Now I’m back on the couch in Vermont. Enough time has passed that I now feel lucky I didn’t become infected or infect anyone else. A trip like the one I just took is unthinkable now. And good, because the way I set it up was super dumb. And not good at all, because without that trip I would have missed all that life-sustaining connection through writing and food and just knocking around Texas together, buying bad pizza and trying to figure out where to park the rental car. In the end, I still have my window and my couch. And I can talk to my friends online. I’m grateful for them.
Kim MacQueen teaches writing and publishing at Champlain College in Burlington, Vermont. She is a graduate of the MFA in Creative Nonfiction at Bay Path University and has published two impossible-to-find novels. Come and visit on kimmacqueen.com.
Kim MacQueen teaches writing and publishing at Champlain College in Burlington, Vermont. She has published two impossible-to-find novels. Come and visit on kimmacqueen.com.
March 31, 2020 § 35 Comments
We woke up and everything had been different for some time now. Maybe we finally slept through the night. Or embraced waking up early, wired without caffeine. Maybe the bleak haze had become familiar, waiting for something to feel like feeling again. Maybe a call came—your friend is dying. Or, I think we should take a break. Or a text, WE WOULD LIKE TO INFORM YOU THAT PUBLIC MOVEMENT RESTRICTION HAS BEEN IMPOSED.
Maybe we woke to the memory of weeks ago, some faraway country tracking their citizens, an alarmist friend stockpiling taco mix, our partner still warm-eyed and cuddly. All we want is to go back to sleep, back in time, to the moment before the pandemic, the break-up, that moment of sweet unknowing, when everything was still OK.
How can we write? How can we read?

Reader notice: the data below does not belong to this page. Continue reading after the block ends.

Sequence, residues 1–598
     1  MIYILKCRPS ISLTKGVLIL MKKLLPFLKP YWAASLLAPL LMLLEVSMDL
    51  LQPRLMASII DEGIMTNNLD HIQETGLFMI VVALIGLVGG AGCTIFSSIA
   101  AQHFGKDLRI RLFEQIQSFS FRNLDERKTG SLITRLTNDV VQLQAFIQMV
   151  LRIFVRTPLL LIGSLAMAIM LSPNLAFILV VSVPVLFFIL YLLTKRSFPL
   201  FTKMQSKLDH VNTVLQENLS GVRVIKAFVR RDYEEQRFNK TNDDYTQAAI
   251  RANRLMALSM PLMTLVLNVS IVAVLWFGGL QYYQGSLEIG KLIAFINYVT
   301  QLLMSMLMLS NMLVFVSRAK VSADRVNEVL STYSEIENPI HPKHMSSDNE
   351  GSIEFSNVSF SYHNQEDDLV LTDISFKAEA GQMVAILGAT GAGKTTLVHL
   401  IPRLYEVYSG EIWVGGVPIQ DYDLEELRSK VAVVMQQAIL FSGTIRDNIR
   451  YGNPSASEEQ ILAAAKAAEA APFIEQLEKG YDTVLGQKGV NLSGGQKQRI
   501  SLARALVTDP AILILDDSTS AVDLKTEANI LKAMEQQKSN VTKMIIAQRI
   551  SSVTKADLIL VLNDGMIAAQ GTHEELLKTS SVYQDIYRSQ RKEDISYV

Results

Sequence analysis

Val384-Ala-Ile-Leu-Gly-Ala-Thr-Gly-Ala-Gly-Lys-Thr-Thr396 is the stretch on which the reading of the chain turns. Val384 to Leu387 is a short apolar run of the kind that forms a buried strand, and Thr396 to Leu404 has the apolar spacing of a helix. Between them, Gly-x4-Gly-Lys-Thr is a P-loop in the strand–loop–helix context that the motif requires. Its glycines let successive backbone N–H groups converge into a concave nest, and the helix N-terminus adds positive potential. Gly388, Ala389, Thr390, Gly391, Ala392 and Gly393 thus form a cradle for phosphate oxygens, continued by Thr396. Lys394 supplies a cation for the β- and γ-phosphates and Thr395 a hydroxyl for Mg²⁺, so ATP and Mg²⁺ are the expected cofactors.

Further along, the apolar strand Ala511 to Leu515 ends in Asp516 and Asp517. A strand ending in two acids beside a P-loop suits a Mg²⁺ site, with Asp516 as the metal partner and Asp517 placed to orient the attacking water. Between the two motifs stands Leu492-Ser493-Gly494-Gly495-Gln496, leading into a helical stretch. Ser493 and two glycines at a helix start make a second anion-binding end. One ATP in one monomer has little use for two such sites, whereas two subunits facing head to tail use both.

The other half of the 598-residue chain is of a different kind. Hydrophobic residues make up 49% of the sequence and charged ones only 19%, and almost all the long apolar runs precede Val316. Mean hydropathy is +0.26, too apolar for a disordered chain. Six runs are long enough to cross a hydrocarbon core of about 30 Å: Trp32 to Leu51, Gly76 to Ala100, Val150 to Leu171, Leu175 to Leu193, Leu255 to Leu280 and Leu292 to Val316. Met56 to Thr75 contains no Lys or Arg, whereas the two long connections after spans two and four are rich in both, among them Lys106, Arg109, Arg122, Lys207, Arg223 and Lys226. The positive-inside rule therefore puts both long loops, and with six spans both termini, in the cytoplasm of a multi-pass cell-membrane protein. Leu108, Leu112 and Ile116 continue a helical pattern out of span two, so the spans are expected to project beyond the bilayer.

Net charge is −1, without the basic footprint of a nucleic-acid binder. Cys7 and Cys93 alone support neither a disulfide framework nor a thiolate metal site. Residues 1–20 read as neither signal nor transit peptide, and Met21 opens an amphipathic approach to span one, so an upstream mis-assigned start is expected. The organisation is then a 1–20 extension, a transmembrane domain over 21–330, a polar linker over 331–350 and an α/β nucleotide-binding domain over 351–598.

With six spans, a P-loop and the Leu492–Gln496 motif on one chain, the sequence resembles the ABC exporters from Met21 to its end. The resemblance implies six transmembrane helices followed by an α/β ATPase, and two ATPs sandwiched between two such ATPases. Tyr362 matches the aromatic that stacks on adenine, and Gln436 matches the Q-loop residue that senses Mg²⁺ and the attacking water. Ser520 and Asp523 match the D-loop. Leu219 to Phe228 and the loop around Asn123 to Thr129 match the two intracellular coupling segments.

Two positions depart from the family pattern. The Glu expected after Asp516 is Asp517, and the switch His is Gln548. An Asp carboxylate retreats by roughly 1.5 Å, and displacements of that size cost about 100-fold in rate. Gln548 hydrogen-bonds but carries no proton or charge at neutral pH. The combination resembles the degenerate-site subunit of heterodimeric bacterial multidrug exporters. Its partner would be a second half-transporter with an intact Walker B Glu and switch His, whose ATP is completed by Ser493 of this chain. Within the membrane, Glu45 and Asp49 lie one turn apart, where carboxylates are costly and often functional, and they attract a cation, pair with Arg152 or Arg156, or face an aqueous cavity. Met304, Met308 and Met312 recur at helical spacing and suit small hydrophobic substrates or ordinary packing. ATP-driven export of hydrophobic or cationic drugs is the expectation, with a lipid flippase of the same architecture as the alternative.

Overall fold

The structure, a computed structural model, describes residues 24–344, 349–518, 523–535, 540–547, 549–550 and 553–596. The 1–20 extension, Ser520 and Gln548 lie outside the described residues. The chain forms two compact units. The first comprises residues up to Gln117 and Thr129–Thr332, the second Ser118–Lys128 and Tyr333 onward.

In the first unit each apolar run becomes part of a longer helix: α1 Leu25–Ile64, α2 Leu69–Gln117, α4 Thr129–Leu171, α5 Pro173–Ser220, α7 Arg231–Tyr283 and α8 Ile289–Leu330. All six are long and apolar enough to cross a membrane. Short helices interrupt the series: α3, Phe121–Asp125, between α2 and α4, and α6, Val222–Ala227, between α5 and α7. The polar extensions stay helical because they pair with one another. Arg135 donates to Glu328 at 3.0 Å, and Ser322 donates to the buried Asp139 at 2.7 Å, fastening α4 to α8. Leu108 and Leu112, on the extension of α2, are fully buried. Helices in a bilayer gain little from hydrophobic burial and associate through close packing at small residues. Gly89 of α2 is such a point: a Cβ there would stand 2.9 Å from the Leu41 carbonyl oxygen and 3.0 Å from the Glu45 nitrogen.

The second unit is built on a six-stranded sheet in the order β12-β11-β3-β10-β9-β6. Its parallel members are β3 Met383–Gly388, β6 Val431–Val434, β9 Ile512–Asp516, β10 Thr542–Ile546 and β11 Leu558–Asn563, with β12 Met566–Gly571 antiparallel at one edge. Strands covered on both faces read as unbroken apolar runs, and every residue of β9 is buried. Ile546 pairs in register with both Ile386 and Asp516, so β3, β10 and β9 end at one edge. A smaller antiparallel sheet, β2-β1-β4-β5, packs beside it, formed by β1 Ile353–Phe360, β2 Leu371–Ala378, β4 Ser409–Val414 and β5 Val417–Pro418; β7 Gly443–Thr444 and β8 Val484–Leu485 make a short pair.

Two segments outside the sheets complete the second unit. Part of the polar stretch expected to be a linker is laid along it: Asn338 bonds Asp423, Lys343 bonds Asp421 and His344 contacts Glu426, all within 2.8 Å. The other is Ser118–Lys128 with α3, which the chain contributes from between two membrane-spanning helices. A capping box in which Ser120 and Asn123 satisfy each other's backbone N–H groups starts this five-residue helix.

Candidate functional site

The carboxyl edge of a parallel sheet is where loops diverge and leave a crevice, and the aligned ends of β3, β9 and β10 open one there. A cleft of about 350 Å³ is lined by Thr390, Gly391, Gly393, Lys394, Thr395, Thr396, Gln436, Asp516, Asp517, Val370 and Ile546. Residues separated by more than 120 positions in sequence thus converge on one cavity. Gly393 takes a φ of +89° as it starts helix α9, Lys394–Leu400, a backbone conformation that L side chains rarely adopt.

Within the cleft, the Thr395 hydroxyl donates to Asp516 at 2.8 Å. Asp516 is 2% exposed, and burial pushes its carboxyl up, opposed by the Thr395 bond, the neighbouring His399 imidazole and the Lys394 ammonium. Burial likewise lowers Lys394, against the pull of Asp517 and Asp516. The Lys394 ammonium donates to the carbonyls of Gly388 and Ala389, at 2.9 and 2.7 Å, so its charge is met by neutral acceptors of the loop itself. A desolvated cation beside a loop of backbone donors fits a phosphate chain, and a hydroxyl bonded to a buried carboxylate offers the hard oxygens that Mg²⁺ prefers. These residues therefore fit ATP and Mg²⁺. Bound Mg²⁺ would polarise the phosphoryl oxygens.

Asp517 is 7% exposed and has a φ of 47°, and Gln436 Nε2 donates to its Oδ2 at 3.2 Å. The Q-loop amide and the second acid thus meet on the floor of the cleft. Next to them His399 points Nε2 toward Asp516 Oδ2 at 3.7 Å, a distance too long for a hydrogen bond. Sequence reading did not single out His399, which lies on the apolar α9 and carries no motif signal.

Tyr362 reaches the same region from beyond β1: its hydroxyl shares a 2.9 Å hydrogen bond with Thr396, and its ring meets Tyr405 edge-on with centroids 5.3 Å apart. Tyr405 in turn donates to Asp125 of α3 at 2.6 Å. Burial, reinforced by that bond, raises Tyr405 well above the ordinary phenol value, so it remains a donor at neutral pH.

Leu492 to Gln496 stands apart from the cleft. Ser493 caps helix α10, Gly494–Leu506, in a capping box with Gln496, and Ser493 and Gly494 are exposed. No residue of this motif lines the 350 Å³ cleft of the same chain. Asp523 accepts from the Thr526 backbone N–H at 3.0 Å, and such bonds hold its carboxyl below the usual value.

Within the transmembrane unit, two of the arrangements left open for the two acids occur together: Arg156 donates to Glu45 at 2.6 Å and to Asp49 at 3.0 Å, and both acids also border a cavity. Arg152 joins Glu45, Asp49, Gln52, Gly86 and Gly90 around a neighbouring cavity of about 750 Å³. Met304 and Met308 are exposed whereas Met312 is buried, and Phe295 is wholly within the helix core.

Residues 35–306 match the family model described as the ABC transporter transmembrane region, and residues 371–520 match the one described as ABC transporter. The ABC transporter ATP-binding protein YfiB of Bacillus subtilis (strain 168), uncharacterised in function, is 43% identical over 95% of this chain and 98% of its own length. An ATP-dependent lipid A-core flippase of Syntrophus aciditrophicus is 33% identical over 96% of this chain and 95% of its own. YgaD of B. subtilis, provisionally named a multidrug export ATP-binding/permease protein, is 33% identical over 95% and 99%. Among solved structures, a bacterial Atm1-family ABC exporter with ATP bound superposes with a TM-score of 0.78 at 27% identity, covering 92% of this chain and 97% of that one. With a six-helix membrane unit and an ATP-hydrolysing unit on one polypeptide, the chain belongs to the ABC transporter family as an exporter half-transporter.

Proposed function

How can we possibly address the page with our life, or our characters’ lives, so petty and small in the face of tragedy? How can what we do matter in the midst of the unchangeable?
We search online—everyone else feels this way. The internet is a giant support group. We are still falling. We are all caged with the family we want to love, or alone in a room we used to love. We click angry-sad-angry-sad, wondering why gallows humor isn’t funny anymore. Fear comes in waves—numbers on a graph, an admired person now sick, now dead, the disgust and despair of watching our leaders flail.
We go through the motions. My students need an anchor. My child must be fed. If I meet this deadline I might get paid.
Neighbors whose politics disheartened us now make us rage. We try to forgive, to trust in karma, that something bigger than ourselves is in charge, that there is still a plan…isn’t there?
My best friend dies suddenly, a year ago today, the last day of AWP. The doctor tells me over the phone she is not comfortable, she is in pain. He takes my word that I have power of attorney, that she is a DNR, and I sing poorly through the phone held at her ear, hoping somewhere inside she hears me say goodbye. I fly across the country to clean out her house, reconcile with her estranged sister, hug distant friends in person for the first time. We gather around a garbage can, throw away a thousand photographs, making fun of old hairstyles and appreciating my friend’s artistic eye. We resurrect her hard drive and read her work; re-home her elderly cats. I take home her phone and try to crack it. I write about her. The bottom of the world has still dropped out, but words are a bucket in which I can carry water. Words are an axe with which I can chop wood. Each time I touch a page she edited, I touch my old world, the world in which she is also alive and reading my words. The words are a lifeline from a better past. The words are the seed of a pearl.
We guard our families, while others endanger us. Our ex-lover shows up to get the jacket we hoped he’d forgotten. We wash our hands a hundred times. After a few weeks, the essay or the book or the poem we’ve put aside goes from horrifyingly irrelevant to merely unappetizing. Our calendar clears, disappointment somehow better than hope. We sit down again. Five minutes, can you do five minutes? We tinker. We find the rhythm and lose it. We struggle to say something, anything, on the page. We are not just artists but craftsmen, and craftsmen go to work. We spend our lives sharpening our tools, and they are not just for fine days. Our tools—our words—matter not just for how we use them when all is well, but how we use them to shore up the levee when the waters rise. The people whose stories need sharing, who are not craftsmen enough to write their own, who need to hear our story to know theirs is not singular, still need us. Our words connect them from a better past to a seed of hope, string them a lifeline to the future. Our words say, one day there will be a world again, a world in which stories matter. Our words say, our stories matter still.
When my friend was alive, she told me a parable.
The novice asks the master, “What does one do before enlightenment?”